The Living Church

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The Living ChurchDecember 6, 1998Archbishop Tutu Speaks About 'the Price of Peace' by Anne Carson217(23) p. 8

Bishop Tutu: 'Jesus Christ represents all those who are tortured for their beliefs.'

The Most Rev. Desmond Tutu, retired Archbishop of Cape Town, South Africa, was the keynote speaker at the public lecture "Reconciling the Troubled Spirit in a Broken World" Oct. 23 at Washington National Cathedral. The lecture was part of the Mollegen Forum series, which honors the late Rev. Albert T. Mollegen, former professor at Virginia Theological Seminary.

During a ceremony that celebrated the 100th anniversary of the raising of the Peace Cross and the 50th anniversary of the Universal Declaration of Human Rights that preceded the lecture, Archbishop Tutu said, "Jesus Christ represents all those who are tortured for their beliefs," those who are "oppressed and broken in spirit." In his peacemaker's affirmation of faith, he stated, "Goodness is stronger than evil; love is stronger than hate; light is stronger than darkness; life is stronger than death; ... victory is ours through him who loved us."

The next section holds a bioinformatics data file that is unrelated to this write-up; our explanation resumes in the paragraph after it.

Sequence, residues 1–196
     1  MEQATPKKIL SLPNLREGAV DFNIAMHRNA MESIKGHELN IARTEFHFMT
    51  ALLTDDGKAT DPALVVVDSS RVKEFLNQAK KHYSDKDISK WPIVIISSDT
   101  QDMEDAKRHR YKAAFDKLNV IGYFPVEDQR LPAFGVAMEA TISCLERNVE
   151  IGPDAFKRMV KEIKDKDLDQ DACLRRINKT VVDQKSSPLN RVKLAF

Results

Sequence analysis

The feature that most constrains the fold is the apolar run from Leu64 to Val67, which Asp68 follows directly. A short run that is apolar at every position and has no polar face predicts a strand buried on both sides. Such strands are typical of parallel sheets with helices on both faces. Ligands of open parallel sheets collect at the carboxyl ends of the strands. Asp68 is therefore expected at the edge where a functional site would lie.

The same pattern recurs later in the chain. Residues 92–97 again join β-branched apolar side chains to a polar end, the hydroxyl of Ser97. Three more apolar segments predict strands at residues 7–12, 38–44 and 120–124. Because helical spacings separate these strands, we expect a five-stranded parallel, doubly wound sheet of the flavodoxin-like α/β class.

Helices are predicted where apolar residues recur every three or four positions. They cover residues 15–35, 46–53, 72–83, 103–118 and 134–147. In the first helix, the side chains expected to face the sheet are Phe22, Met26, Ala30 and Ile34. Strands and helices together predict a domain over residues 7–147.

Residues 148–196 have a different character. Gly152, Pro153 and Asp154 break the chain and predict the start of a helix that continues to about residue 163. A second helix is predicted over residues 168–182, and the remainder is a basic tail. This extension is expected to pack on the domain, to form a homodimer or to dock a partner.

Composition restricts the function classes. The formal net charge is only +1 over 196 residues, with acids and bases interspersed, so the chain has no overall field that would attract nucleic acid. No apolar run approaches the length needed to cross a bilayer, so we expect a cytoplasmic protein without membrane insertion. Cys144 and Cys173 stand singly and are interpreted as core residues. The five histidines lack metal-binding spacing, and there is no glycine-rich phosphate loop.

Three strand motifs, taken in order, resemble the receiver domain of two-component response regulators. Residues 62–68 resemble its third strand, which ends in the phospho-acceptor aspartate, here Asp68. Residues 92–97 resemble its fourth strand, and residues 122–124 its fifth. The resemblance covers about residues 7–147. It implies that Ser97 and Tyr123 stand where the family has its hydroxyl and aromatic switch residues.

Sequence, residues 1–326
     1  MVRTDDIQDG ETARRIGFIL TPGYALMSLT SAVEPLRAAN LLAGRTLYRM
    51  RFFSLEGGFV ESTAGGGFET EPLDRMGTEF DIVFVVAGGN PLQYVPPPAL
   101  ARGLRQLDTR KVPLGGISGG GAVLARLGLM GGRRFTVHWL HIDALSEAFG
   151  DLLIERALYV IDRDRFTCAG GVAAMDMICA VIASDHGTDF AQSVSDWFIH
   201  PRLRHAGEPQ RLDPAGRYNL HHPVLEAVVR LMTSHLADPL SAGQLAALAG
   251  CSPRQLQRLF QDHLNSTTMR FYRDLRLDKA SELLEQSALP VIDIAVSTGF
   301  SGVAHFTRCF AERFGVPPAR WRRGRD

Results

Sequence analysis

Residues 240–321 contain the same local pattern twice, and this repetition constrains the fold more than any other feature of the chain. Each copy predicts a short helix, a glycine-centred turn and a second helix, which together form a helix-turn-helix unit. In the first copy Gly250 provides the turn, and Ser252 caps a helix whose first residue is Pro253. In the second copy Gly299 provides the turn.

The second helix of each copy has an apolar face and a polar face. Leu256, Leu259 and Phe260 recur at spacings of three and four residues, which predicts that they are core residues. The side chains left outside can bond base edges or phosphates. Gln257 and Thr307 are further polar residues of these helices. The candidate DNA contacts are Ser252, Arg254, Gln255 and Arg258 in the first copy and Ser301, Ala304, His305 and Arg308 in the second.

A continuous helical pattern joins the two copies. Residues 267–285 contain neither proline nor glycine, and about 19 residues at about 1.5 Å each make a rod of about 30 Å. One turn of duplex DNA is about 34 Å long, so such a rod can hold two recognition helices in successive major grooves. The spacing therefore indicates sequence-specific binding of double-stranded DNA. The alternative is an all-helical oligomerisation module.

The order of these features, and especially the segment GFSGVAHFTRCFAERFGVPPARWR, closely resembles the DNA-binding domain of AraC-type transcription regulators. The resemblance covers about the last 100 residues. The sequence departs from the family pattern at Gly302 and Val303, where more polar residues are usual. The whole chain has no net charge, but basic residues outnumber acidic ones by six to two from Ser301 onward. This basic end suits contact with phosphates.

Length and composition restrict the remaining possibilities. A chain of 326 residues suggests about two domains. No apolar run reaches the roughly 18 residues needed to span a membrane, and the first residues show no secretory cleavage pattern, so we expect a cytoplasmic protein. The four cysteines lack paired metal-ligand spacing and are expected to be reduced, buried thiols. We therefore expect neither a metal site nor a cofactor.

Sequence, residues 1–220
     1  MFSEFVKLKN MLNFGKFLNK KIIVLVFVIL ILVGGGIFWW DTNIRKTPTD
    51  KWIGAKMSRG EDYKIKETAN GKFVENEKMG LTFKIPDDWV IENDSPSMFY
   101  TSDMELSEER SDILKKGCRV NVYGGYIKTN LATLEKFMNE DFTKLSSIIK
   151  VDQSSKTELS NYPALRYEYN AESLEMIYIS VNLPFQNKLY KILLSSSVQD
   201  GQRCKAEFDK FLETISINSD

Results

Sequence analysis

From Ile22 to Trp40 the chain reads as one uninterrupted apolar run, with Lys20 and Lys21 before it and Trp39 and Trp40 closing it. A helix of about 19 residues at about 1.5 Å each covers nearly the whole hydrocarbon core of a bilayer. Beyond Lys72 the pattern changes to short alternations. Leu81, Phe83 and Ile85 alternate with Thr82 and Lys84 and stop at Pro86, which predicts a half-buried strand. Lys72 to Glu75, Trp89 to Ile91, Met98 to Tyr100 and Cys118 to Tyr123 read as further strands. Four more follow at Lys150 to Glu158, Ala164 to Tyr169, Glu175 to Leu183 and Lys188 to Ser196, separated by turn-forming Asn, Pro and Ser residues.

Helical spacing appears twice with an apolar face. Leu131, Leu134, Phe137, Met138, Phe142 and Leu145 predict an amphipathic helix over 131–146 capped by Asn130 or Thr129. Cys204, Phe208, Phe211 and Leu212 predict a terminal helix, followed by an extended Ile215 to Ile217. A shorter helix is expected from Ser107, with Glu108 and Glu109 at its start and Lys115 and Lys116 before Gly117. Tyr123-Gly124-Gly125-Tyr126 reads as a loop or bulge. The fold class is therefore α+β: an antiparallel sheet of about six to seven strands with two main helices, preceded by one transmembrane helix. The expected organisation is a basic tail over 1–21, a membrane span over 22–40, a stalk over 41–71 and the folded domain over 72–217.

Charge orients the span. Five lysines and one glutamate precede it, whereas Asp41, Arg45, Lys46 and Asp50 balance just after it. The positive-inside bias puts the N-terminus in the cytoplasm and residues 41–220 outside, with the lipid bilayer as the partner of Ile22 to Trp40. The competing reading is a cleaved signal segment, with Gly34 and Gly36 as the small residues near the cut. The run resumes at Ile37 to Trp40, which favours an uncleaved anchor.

During his lecture, Archbishop Tutu spoke of God's omnipotence in always seeking "the human element in his divine activity." An ironical theme in the omniscient plan is manifested in a God "born of frail flesh ... (who) wants to work with feeble, puny creatures to accomplish his goals. God is staggeringly, apparently ever ready it seems to jeopardize his purposes just in order to engage the collaboration of God's human partner ... In (his) infinite mercy and incomprehensible humility ... God without us will not, as we, without God, cannot."

"The price of peace is eternal vigilance," Archbishop Tutu said. "Forgiveness is costly. Reconciliation is not an easy option. It cost God the death of his Son ... God hears the screams of those who are tortured ... God sees the grinding poverty and the disease ... (and) God would have it otherwise ... Dear friends, God believes in you and God depends on you."

After his lecture, the archbishop answered questions from the audience. When he was asked to reflect on the Lambeth Conference's resolution on sexuality, Archbishop Tutu responded, "Where would Jesus be?"